• Auroranexus

      I personally think “Rico” is pretty accurate. It’s sleek, tiny, and agile as heck. It’s a beautiful plane, and the instability giving it the ability to go to 9 Gs is breathtaking.. Literally! I think it may be one of the sexier aircraft to be made, I mean, look at it– it’s sleek and beautiful. I feel sorry for women in my life who need to compete with it! Haha.

      I may have a bit of an ego, but personally I don’t see the Gripen as much of a threat. I personally feel adept to take on anything but an F-22, as that would be like cat and mouse, if the mouse could hide anywhere and shoot the cat with no warning.

      The T-50 looks like a fierce competitor, and I would be on alert from a Eurofighter, but personally I wouldn’t even bother with an F-22. One radar signature from that and I think any sane pilot would turn back.

    • energo

      Probably old news, but speaking WVR some remarks from pilots is that – generally – the Gripen has a quicker turn and that the Viper has a bigger engine and thus an edge in ‘the vertical’ and sustained turn. In BVR the Gripen is said to have the advantage with a very good radar and refined datalinking.

  • Tang

    Great article.

    But what about the edge with the Mig 29, Su 27 and Rafale for instance ? Thanks to Red Flags we should have some clues …

  • Dario Leone

    Auroranexus- I admired last year Thunderbirds’ show and I think their F-16C Block 52 were beatiful and powerful. They perform a beatiful flight display. But when the solo F-16 perfomed a schneider in mi opinion it was less hard than the one Typhoon performed later. I think the Eurofighter can turn tighter than Viper.

    I think you are right aircrafts are often sexier than women ah ah!

    Tang- From what I see during an airshow Rafale hasn’t a high edge above the F-16. I guess the Viper can turn tighter than Fulcrum based on the MiG 29 display I enjoied last year, while I think the SU 27 is a hard adversary not only for the Vipers but also for the other fighters, even if when fully loaded Flanker loses part of its maneuverability. However what it makes the difference is pilot’s training.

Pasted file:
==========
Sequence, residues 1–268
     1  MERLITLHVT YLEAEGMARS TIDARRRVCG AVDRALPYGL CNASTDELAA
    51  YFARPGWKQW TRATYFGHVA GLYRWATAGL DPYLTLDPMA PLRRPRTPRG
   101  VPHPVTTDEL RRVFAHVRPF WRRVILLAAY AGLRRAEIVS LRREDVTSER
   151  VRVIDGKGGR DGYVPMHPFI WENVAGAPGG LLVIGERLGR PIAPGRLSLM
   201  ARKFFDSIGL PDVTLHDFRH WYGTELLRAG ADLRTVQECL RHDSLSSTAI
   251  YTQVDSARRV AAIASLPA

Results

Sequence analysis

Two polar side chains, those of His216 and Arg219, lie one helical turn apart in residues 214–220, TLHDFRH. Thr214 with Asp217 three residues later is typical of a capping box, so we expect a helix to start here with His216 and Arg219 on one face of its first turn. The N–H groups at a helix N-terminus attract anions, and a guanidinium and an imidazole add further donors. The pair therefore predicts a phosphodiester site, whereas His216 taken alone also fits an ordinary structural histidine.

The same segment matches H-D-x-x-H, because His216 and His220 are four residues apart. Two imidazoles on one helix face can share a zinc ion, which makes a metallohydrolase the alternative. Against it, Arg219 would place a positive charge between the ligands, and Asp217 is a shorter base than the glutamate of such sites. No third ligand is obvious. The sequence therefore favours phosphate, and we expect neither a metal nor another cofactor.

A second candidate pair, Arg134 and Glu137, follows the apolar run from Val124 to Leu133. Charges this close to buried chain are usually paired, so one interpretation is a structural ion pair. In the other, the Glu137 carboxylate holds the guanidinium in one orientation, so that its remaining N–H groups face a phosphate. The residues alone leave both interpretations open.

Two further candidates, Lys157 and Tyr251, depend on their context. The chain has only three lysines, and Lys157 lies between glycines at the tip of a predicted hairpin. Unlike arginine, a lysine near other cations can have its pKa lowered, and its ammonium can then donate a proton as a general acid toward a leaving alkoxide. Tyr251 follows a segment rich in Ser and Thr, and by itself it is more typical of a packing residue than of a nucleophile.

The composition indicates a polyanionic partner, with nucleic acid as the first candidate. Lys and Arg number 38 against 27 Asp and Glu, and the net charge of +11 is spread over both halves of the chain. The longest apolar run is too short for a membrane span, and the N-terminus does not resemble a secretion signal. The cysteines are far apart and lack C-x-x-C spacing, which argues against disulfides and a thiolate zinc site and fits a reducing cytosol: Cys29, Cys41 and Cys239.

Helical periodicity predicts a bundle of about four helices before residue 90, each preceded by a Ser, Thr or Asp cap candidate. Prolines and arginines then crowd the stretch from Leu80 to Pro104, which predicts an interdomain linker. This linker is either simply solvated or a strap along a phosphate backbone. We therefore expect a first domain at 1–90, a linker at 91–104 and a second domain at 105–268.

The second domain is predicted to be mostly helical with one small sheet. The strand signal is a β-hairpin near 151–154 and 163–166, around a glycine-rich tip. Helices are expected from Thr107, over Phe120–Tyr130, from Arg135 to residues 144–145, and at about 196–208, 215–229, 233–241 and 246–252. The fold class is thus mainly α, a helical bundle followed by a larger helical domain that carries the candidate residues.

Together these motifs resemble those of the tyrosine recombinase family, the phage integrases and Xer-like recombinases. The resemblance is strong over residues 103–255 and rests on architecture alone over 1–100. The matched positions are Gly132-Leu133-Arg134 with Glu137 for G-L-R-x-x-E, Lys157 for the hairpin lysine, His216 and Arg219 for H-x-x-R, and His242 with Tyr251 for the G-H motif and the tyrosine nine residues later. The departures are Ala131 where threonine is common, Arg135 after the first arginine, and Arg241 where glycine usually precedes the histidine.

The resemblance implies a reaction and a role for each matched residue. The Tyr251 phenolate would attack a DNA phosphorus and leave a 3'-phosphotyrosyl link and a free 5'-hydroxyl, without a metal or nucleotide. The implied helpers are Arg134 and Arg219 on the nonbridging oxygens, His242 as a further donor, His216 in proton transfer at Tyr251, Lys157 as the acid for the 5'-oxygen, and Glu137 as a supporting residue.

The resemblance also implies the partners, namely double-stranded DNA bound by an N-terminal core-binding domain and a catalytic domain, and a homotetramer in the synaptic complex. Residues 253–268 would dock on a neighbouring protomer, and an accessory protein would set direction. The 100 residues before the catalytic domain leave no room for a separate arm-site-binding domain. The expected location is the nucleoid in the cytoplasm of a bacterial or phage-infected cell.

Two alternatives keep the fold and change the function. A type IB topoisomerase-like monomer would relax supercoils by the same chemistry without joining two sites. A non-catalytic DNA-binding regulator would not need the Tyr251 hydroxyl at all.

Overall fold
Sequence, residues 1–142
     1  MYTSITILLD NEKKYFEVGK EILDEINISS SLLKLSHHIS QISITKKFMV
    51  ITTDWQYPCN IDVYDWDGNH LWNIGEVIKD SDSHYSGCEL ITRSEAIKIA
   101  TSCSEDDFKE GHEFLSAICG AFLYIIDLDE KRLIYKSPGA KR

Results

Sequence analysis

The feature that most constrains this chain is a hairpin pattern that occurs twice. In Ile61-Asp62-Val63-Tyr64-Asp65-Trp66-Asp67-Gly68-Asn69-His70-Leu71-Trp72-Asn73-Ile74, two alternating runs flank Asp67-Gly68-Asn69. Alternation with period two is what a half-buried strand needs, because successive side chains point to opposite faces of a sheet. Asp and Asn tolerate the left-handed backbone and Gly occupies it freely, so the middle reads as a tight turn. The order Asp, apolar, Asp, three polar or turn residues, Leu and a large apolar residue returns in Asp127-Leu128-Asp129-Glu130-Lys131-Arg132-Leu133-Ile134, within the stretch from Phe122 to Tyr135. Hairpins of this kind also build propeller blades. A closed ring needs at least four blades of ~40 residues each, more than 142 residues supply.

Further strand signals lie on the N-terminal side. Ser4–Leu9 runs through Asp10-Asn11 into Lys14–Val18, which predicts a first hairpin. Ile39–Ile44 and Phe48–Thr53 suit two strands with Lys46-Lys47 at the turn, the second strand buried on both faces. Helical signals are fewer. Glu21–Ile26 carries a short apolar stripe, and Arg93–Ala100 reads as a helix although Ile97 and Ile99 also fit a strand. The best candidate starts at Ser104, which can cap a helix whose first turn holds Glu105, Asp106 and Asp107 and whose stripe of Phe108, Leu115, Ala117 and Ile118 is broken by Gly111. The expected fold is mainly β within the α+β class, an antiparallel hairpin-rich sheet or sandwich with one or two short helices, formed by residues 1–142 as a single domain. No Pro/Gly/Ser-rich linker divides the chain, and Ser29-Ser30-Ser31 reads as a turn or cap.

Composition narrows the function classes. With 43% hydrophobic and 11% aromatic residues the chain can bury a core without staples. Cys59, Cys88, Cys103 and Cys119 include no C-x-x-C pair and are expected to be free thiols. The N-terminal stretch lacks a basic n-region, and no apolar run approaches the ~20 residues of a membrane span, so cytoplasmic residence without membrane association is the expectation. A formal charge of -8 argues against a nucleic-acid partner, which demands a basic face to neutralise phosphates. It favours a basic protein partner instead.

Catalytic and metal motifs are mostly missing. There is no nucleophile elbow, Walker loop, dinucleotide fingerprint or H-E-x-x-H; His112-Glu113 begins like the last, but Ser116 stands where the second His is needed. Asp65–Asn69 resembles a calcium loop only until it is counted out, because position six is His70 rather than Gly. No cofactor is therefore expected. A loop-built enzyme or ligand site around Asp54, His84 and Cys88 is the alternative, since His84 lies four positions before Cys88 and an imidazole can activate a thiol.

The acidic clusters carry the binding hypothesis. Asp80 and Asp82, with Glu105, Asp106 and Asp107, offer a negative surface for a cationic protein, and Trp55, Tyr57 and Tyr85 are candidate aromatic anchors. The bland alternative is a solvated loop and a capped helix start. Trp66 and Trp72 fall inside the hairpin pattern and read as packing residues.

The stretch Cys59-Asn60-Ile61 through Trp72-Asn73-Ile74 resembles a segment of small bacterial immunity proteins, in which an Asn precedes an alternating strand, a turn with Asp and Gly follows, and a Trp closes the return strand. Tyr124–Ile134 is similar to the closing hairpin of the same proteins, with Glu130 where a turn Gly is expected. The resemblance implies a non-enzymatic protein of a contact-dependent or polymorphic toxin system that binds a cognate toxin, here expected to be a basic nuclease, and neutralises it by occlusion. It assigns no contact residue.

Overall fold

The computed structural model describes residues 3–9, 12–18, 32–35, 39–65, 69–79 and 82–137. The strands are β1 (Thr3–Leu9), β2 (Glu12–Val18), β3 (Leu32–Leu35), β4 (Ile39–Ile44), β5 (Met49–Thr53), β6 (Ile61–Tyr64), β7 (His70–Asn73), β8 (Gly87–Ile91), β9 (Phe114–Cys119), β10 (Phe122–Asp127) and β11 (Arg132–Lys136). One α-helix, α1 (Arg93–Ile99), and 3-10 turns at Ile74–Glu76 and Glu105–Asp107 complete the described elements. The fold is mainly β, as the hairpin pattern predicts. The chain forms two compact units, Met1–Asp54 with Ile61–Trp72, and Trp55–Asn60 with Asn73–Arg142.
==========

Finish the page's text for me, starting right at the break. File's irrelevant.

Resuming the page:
• Zack North

    In the Frisian Flag excercises last spring Finnish Air Force Hornets downs NATO F-16s and Eurofighters 17.5 to one.

  • john mc lane

    The mirage 2000 have an instantaneous turn rates well above the viper which gives immediately advantage in dogfight and even if it loses some energy, as exceptional aerodynamics of M2000 allows him to compensate the loss of some of energy. You should know that since the mirage and F16 confronts in excercise, 9 times out of 10 the mirage wins…The power of the reactor is not enough to win a dogfight….The typhoon ?? this plane is a big joke !

    • Voice_of_Reason

      sources or it didn’t happen

      • Stathis Zavvos

        • Voice_of_Reason

          one YouTube video does not substantiate the claim that OP made that Mirage 2K shoots down Vipers “9 out of 10 times” in exercises.

          The block of the Viper also makes a difference – a bigmouth US Viper (block 50/52) is more formidable than an older block 30 that some nations are still flying.

          In any case, the real world combat record of the F-16 is stellar, both A2A and A2G, and it has much longer legs than the Mirage. the Mirage 2K is very limited in payload and range compared to the Viper, and I am not aware of much real-world impact the Mirage has had.

      • Stathis Zavvos

        The instantaneous turn rate is a significant advantage for the mirage, as the magic II missile is a better IR missile than the AIM 9 and an experienced mirage pilot will get the kill before the f-16 tries to gain altitude after the initial confrontation (In which case the F-16 would have an advantage due to higher sustained rate.

        In Greece where they operate both, they consider the Mirage 2000-5 Mk II and above superior to the F-16 in BVM and the F-16 superior in WVM due to being more powerful.

        The Mirage has some advantage as well with the longer range MICA missile, which shoots towards the projected course of the enemy and starts tracking when it’s close. This has an advantage because the f-16′s pilot would get a defensive stance upon close missile warning which would cause him to lose his lock on the AMRAAM had he shot one. The MICA also produces no warning when shot from behind and if the pilot doesn’t see it it’s a kill.

        Overall though, the f-16 offers a much better package and performs very well in all roles, while the Mirage doesn’t do so well for other roles (with the exception of the exocet anti-ship naval missile)

  • crystal

    I guess we’ll never know. Forty years and 4500 units later, there have only been Frisian Flag combat encounters